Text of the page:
The two recent coolant leaks also have posed relatively little threat to life. Neither directly threatened the atmosphere on the station, or its own cooling system. The December 2022 Soyuz leak has caused a lifeboat issue on ISS, but not anything that can’t be handled. The Progress leak on February 11th caused no risk to any life, especially because the Progress doesn’t carry passengers. Its occurrance however sure is suspicious and now puts the bigwigs at Roscosmos in a very uncomfortable position.

    Finally, if all the leaks are sabotage, they serve to show the world the serious quality control problems that exist at Roscosmos. This once again makes Roscosmos’s bigwigs look very bad.

    This of course is all wild speculation, and very likely wrong. It must be considered, however, because it is also not out of the realm of possibility.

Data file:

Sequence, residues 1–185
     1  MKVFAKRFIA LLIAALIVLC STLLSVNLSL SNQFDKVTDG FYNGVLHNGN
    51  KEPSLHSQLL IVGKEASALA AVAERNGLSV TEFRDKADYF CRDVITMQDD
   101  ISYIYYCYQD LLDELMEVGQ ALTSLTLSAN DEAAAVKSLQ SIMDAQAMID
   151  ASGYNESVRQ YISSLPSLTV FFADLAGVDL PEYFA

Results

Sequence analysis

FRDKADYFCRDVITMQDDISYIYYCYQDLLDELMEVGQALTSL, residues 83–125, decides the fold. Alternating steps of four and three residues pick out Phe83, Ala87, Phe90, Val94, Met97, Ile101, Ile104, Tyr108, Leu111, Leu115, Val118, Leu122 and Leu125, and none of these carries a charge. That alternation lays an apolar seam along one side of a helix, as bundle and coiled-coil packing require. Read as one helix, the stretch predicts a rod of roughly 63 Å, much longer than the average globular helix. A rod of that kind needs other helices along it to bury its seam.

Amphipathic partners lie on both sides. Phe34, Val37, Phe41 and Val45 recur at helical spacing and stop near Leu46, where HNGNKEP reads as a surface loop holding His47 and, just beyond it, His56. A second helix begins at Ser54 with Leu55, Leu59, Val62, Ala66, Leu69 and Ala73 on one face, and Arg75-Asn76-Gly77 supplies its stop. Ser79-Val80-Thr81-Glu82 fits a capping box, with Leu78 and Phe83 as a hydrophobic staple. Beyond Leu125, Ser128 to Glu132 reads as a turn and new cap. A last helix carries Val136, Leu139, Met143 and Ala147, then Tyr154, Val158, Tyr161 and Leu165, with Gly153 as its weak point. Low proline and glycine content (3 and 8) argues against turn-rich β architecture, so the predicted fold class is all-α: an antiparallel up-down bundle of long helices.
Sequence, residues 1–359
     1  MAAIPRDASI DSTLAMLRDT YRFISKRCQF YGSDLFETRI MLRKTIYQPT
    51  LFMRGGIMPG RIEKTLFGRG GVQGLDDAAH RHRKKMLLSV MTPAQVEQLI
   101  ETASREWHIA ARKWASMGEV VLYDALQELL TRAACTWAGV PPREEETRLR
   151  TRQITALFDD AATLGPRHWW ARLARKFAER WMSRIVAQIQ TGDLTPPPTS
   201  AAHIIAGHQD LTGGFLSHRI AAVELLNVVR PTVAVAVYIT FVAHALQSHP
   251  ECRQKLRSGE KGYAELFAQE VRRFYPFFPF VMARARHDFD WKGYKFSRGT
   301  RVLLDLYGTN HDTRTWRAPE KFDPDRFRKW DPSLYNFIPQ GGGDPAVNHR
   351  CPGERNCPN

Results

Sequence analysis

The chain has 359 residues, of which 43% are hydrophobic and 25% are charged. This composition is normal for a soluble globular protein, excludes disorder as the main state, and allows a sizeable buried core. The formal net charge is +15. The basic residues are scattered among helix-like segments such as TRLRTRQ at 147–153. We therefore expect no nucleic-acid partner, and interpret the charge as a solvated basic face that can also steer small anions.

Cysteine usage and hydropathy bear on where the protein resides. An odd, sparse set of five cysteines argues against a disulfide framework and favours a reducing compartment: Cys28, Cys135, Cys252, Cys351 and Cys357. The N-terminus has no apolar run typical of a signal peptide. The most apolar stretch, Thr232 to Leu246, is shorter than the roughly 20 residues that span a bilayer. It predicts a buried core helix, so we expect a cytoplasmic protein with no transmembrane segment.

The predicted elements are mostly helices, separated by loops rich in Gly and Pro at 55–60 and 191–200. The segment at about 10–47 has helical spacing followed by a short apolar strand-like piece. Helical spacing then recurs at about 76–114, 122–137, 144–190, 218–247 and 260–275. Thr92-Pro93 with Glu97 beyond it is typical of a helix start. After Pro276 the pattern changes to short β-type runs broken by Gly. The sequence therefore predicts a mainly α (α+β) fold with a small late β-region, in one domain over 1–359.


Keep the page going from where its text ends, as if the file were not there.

• George C

    I have created such coolant leaks myself on projects using poorly manufactured reject scrap tubing a 16 year old can afford combined with inexperience in bending and the need for unbending and rebending. Pinhole leaks after 20 miles of highway operation. Good Times.

  • Richard M

    Hi Bob,

    These leaks did not directly endanger any cosmonauts, to be sure, but…if there is a need to suddenly evacuate the station (say, a big MOD depressurizing critical parts of the station, or some sudden catastrophic systems failure), then it would suddenly become a life-endangering development.

    Well, it’s all very strange.